Undergraduate Honors Posters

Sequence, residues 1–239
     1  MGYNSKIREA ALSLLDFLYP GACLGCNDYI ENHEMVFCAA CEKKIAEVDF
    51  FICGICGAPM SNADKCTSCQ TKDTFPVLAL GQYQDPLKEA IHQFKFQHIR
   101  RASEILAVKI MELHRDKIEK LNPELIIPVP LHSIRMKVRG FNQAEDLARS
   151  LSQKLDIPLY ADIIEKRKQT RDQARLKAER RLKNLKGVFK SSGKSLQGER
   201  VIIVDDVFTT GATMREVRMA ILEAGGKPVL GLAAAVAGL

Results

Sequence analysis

Two studies were conducted to investigate the relation between individual differences in Social Dominance Orientation (SDO) and moral inclinations when responding to situations of moral conflict. In Study 1 the correlation between scores on SDO and deontological and utilitarian parameters was investigated. The results showed that SDO was significantly negatively related to deontological parameters, (r(49) = -.354, p = .013), and unrelated to utilitarian parameters (r(49) = -.104, p = .479). In Study 2 we attempted to replicate the results of Study 1 and investigate whether increasing the salience of harm in dilemmas would increase levels of deontological processing, particularly in individuals with lower levels of SDO. The results of Study 2 were mixed. The results of Study 1 were replicated, with scores on SDO being negatively related to the deontological parameter r(143) = -.173, p = .039, and unrelated to the utilitarian parameter, r(143) = -.035, p = .682, but increasing the salience of harm did not differentially affect deontological responses in participants, β = -.191, p = .365. The results of these studies extended the literature on both SDO and moral decision-making, and have implications for who may be best suited for making difficult decisions in the real world.